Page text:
Christmas 2011

Lk. 2:1-20

The story in Luke is a great story. It is simple, direct and unvarnished. A young pregnant girl is ready to deliver. She and her husband are turned away from an inn and find shelter in a stable, where she gives birth. Shepherds in the fields are startled by a great light and go and see the baby. The hopes and yearnings of the prophets and the life of Israel are implicit in the story. There are echoes of Israel’s experience of creation and recreation, sin and redemption, despair and hope. The story is a celebration of imagination and memory, of hope and reason, of promise and affirmation. How deprived and malnourished are those who have not heard this story!

Now, as you all know, I think that we make sense of our lives by telling stories. Surely, the Jews made sense of their individual and corporate lives by telling stories of the patriarchs, David and the kings, histories and the stories of the prophets. Likewise, the early Church made sense of its individual and corporate lives by telling stories: the four gospels - three of which contain a birth narrative. The story of Christmas frames the life of Christ – it bookends the two important aspects of His life: 1) incarnation (Christmas) and 2) crucifixion (sacrifice) and resurrection (Easter).

But how do we access this Christmas story? Well, perhaps by our own stories of epiphanic, “seeing moments,” and acts of love.

So, now I want to tell you a true story. As you know, I have been hospitalized three times (twice by ambulance) in the last six months. During that time I have “counted all my bones” (1) and reflected upon my favorite experiences.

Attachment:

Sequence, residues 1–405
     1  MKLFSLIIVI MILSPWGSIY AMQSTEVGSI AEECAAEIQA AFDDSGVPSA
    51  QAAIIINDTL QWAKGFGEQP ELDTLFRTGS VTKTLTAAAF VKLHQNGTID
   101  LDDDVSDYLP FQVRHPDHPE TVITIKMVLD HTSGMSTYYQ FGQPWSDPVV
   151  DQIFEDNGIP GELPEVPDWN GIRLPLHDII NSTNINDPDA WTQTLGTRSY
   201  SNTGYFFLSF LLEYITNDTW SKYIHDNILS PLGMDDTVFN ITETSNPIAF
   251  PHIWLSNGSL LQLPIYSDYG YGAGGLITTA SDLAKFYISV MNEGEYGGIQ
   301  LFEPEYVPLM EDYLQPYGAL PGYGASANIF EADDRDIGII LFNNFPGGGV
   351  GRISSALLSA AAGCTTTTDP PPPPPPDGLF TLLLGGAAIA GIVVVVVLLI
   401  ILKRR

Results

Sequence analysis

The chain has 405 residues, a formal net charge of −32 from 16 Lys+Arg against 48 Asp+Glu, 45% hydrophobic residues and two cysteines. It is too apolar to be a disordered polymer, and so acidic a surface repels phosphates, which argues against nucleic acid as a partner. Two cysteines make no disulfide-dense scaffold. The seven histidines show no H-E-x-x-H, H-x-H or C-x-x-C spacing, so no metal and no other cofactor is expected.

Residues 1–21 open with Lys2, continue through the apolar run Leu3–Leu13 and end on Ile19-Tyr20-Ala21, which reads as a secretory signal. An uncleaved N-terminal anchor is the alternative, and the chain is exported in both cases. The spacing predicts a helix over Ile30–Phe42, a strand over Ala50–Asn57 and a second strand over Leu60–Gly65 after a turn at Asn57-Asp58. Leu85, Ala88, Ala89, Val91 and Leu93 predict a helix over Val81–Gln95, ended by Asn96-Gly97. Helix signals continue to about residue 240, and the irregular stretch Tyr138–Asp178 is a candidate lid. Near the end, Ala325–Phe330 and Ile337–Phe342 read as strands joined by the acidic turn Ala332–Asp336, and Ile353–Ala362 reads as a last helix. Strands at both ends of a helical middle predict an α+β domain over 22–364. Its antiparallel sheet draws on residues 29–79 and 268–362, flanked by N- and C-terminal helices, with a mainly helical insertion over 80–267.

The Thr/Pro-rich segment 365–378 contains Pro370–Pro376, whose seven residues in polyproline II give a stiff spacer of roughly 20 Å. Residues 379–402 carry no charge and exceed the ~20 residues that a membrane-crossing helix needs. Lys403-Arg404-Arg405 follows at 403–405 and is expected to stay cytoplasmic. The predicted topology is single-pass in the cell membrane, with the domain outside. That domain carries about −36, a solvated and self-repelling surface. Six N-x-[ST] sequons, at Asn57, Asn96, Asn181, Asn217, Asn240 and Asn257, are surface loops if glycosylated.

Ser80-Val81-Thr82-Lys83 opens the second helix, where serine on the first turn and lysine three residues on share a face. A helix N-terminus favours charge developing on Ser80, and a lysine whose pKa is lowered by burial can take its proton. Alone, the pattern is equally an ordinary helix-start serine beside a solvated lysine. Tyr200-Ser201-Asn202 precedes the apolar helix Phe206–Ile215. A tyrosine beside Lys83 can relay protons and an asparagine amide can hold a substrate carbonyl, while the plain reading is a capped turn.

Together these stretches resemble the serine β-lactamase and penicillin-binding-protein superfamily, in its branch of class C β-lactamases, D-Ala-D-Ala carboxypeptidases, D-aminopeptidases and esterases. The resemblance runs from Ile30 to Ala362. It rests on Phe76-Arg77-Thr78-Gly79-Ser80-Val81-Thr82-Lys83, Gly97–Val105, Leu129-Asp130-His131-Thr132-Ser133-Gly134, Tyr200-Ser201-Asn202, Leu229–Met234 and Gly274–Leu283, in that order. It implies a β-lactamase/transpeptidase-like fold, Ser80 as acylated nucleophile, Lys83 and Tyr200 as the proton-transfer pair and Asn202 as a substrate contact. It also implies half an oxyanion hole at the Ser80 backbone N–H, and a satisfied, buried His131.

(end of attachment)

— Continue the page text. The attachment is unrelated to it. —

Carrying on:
Many, many years ago, there was a parishioner at St. Andrew’s by the name of Kay Jones. She was about ten years older than I, had been a nurse in WWII, and was married to Bob Jones, who was an art director for both RCA and CBS. They had three children, Pip, Tig and Flip. Like all of us, they were the perfect dysfunctional family. Kay served on all of the committees in the parish, thankfully she did not sing, and at one time was sr. warden.

When my mother died in June of 1978, I came over to the chapel here to pray. Kay saw me and asked, “Is there anything I can do?” I was in business at that time and I replied, “You can go to my office and answer the phone.” She did, and she stayed for five years. We became good friends.

I was ordained in 1990 and worked at St. John’s. One evening I went up to Stamford Hospital to see a parishioner who had just had a baby. When I checked the register, I discovered that Kay was in the hospital dying. I went up to see her. We chatted and prayed. A full moon shown in her window. “What brought you up here?” she asked. “Oh, I came to see a woman who has just given birth.”

Kay paused for a moment, reached up, moved her hand, closed her fist and motioned to me to come forward. “Here,” she said, “Open your hand.” As I did, Kay opened her fist over my hand. “I just plucked the moon. I want you to go and give the baby the moon.” “Okay,” I said. I closed my hand, kissed Kay on the forehead and very carefully walked to maternity.

I greeted the mother and child, held out my hand and opened it over the baby. “What’s this?” the young mother asked. “An old and faithful friend of mine plucked the moon from the sky and asked me to give the baby the moon.” The mother smiled, looked at me thoughtfully and said, “Thank you. God bless her.” “You’re welcome,” I replied and left.

I stood in the parking lot on that cold winter night and thought: Kay gave that child her love. Her loved reflected the love of God in the birth of Christ. The Gospel of John tells us “And the light shineth in darkness; and the darkness comprehended it not.” (2)

The light of God, the love of God, was captured by an old woman and passed on to a new mother and her baby.

You and I celebrate such a love today: God’s love for us, our love for God and our love for one another.

Today, come to the altar to celebrate, to receive and to share that love.

“Come. Let us adore Him.” (3) Amen.   

(1) Ps. 22:17
(2) The Gospel of John 
(3) Hymn 83 “O come all ye faithful.”  The Hymnal 1982.